Members of The Church of Jesus Christ of Latter-day Saints (LDS Church), who are sometimes referred to as Mormons, believe that marriage between one man and one woman is God’s standard for marriage, except at specific times when God has declared a different standard (see ”Plural Marriage and Families in Early Utah,” lds.org/topics/plural-marriage-and-families-in-early-utah). Latter-day Saints believe that during the mid-1800s, some Church leaders and members were commanded by God to enter into the practice of plural marriage, also known as polygamy, or the marriage of one man to more than one woman (see “Plural Marriage in Kirtland and Nauvoo,” lds.org/topics/plural-marriage-in-kirtland-and-nauvoo). In 1890, Church President Wilford Woodruff was inspired by God to issue a declaration that led to the end of the practice of polygamy by Church members (see Official Declaration 1; see also Jed Woodworth, “The Messenger and the Manifesto,” Revelations in Context series, June 23, 2015, history.lds.org). Today the Church strictly prohibits polygamy (see “Polygamy,” mormonnewsroom.org).
Why did early Mormons practice polygamy?
Mormons believe that God commanded early Latter-day Saints to practice polygamy for a time. While Latter-day Saints today do not know all the reasons for God’s command, they do understand some reasons why God would command the practice of polygamy. For example, the Book of Mormon teaches that men should have only one wife (see Jacob 2:27–29), unless the Lord commands His people to “raise up seed unto [Him]” (Jacob 2:30). The practice of plural marriage by early Latter-day Saints did lead to an increase in the number of children born to Church members. Early Latter-day Saints also believed that the establishment of The Church of Jesus Christ of Latter-day Saints included a restoration of ancient principles and practices, as taught in the Bible. It is clear from the Bible that multiple prominent Biblical figures—including Abraham, Isaac, Jacob, Moses, and David—practiced polygamy (see “Plural Marriage in Kirtland and Nauvoo,” lds.org/topics/plural-marriage-in-kirtland-and-nauvoo).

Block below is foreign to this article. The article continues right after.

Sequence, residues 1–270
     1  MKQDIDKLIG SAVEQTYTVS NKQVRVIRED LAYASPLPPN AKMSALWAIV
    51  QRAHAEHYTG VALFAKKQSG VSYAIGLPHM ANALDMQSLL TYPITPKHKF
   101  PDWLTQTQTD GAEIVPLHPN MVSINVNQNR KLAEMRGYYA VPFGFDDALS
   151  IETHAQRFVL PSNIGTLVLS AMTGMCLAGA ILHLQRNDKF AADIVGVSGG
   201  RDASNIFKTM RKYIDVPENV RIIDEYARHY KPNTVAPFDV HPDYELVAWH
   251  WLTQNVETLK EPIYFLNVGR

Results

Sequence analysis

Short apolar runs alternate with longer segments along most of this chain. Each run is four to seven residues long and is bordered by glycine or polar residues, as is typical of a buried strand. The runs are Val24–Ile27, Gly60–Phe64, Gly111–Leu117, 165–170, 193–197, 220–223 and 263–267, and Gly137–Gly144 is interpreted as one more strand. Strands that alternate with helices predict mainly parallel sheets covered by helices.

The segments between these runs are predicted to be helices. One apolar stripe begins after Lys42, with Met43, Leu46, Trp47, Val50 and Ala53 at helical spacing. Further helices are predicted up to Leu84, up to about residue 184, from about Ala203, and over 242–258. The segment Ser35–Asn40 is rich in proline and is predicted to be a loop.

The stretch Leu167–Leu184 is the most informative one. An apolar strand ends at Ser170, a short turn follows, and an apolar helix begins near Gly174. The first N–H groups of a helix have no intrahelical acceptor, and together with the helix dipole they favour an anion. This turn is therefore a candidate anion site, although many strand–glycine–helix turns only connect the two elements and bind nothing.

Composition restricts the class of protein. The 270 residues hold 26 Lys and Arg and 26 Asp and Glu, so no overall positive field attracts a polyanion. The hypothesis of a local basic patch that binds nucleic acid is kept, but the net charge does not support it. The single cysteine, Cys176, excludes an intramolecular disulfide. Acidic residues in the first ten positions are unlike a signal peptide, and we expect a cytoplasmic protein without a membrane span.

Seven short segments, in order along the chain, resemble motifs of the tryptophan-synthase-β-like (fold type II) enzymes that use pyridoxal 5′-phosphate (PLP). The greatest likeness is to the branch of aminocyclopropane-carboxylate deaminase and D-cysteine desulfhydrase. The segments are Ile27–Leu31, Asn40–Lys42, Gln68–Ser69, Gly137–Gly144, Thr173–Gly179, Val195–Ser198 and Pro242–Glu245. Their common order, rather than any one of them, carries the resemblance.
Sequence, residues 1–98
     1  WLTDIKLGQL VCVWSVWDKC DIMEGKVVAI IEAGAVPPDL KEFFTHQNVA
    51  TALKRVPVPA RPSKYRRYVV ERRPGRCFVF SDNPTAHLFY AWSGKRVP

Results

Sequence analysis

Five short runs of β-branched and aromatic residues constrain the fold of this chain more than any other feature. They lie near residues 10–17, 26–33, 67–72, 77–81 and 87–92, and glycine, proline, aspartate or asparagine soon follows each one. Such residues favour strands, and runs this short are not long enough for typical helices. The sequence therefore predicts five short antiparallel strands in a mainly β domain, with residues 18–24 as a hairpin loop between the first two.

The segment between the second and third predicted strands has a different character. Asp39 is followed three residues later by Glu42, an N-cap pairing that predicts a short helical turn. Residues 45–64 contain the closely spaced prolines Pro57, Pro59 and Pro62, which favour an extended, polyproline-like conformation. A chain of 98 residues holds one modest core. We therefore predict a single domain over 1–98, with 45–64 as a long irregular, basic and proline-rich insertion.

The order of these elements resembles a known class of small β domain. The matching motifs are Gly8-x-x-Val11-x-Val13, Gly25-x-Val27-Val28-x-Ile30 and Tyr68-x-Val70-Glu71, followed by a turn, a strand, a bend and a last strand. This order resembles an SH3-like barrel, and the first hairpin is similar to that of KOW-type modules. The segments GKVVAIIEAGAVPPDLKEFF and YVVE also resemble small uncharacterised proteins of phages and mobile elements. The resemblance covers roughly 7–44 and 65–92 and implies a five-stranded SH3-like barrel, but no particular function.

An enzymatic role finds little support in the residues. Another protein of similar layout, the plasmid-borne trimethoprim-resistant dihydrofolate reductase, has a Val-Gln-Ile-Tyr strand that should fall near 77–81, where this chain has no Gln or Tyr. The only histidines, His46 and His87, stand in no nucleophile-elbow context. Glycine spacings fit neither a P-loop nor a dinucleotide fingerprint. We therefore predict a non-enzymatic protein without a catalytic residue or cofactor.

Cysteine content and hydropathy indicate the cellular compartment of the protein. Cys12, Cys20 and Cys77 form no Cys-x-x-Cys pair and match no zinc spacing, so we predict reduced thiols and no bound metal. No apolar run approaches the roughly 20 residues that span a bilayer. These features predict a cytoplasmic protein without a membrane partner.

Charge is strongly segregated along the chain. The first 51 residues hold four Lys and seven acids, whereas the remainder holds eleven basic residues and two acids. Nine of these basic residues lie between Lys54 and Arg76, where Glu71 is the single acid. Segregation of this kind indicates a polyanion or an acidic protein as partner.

What was the practice of polygamy like for early Mormons?
The practice of polygamy was difficult for many early Mormons. It brought on fierce persecution from outsiders and, especially when it was first introduced, went against the sensibilities of many Church members (see “Plural Marriage in Kirtland and Nauvoo,” lds.org/topics/plural-marriage-in-kirtland-and-nauvoo). It also sometimes created challenging family dynamics and placed financial strain on polygamous Mormon families who were trying to eke out a living on the rough terrain of the American West (see ”Plural Marriage and Families in Early Utah,” lds.org/topics/plural-marriage-and-families-in-early-utah).
There were those who remained faithful members of the Church but chose not to practice plural marriage. There were also members who rejected the idea of polygamy and decided to leave the Church (see “Plural Marriage in Kirtland and Nauvoo,” lds.org/topics/plural-marriage-in-kirtland-and-nauvoo). Divorce was readily accessible to Mormons who were unhappy in polygamous marriages (see “Polygamy Then and Now,” mormonnewsroom.org). Nevertheless, early Mormons who practiced polygamy believed that they were following a commandment from God and believed they would be blessed for their obedience. Additionally, many polygamous families were happy, warm, and loving (see ”Plural Marriage and Families in Early Utah,” lds.org/topics/plural-marriage-and-families-in-early-utah).
Do Mormons believe in polygamy today?
Today, The Church of Jesus Christ of Latter-day Saints prohibits the practice of polygamy. Gordon B. Hinckley (1910–2008), a former President of the Church, explained the Church’s position on polygamy:
“I wish to state categorically that this Church has nothing whatever to do with those practicing polygamy. . . .
“If any of our members are found to be practicing plural marriage, they are excommunicated, the most serious penalty the Church can impose. Not only are those so involved in direct violation of the civil law, they are in violation of the law of this Church. An article of our faith is binding upon us. It states, ‘We believe in being subject to kings, presidents, rulers, and magistrates, in obeying, honoring, and sustaining the law’ (Articles of Faith 1:12). One cannot obey the law and disobey the law at the same time. . . .
“More than a century ago God clearly revealed unto His prophet Wilford Woodruff that the practice of plural marriage should be discontinued, which means that it is now against the law of God. Even in countries where civil or religious law allows polygamy, the Church teaches that marriage must be monogamous and does not accept into its membership those practicing plural marriage” (“What Are People Asking about Us?” Ensign, Nov. 1998, 71–72).
What do Mormons believe about marriage and family?
Mormons believe that marriage between one man and one woman is an important part of God’s plan for His children. To learn more about what Mormons believe about marriage and family, visit mormon.org.